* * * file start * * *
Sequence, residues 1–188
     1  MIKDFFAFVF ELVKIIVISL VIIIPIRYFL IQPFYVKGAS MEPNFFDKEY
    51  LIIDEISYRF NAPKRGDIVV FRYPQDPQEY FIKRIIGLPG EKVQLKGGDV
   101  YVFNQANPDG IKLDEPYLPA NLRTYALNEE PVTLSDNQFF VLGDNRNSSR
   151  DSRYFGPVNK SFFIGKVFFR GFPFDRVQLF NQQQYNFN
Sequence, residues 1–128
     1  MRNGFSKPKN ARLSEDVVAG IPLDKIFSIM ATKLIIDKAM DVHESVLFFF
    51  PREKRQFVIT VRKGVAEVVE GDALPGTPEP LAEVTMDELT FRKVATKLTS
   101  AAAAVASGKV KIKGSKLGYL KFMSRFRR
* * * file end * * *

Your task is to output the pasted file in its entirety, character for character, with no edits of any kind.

Sequence, residues 1–188
     1  MIKDFFAFVF ELVKIIVISL VIIIPIRYFL IQPFYVKGAS MEPNFFDKEY
    51  LIIDEISYRF NAPKRGDIVV FRYPQDPQEY FIKRIIGLPG EKVQLKGGDV
   101  YVFNQANPDG IKLDEPYLPA NLRTYALNEE PVTLSDNQFF VLGDNRNSSR
   151  DSRYFGPVNK SFFIGKVFFR GFPFDRVQLF NQQQYNFN
Sequence, residues 1–128
     1  MRNGFSKPKN ARLSEDVVAG IPLDKIFSIM ATKLIIDKAM DVHESVLFFF
    51  PREKRQFVIT VRKGVAEVVE GDALPGTPEP LAEVTMDELT FRKVATKLTS
   101  AAAAVASGKV KIKGSKLGYL KFMSRFRR